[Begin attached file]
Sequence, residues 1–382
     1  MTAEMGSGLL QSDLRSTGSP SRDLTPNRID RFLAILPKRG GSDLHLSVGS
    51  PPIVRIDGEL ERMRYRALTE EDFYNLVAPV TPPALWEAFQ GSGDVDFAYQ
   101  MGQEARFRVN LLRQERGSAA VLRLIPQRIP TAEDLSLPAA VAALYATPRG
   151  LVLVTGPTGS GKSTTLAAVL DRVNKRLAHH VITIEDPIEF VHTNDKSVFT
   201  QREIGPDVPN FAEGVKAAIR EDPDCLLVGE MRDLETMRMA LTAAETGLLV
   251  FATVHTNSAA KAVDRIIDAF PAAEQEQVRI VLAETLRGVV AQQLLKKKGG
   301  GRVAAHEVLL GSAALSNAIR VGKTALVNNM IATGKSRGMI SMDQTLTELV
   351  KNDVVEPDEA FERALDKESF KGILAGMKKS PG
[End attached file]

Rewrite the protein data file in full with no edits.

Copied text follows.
Sequence, residues 1–382
     1  MTAEMGSGLL QSDLRSTGSP SRDLTPNRID RFLAILPKRG GSDLHLSVGS
    51  PPIVRIDGEL ERMRYRALTE EDFYNLVAPV TPPALWEAFQ GSGDVDFAYQ
   101  MGQEARFRVN LLRQERGSAA VLRLIPQRIP TAEDLSLPAA VAALYATPRG
   151  LVLVTGPTGS GKSTTLAAVL DRVNKRLAHH VITIEDPIEF VHTNDKSVFT
   201  QREIGPDVPN FAEGVKAAIR EDPDCLLVGE MRDLETMRMA LTAAETGLLV
   251  FATVHTNSAA KAVDRIIDAF PAAEQEQVRI VLAETLRGVV AQQLLKKKGG
   301  GRVAAHEVLL GSAALSNAIR VGKTALVNNM IATGKSRGMI SMDQTLTELV
   351  KNDVVEPDEA FERALDKESF KGILAGMKKS PG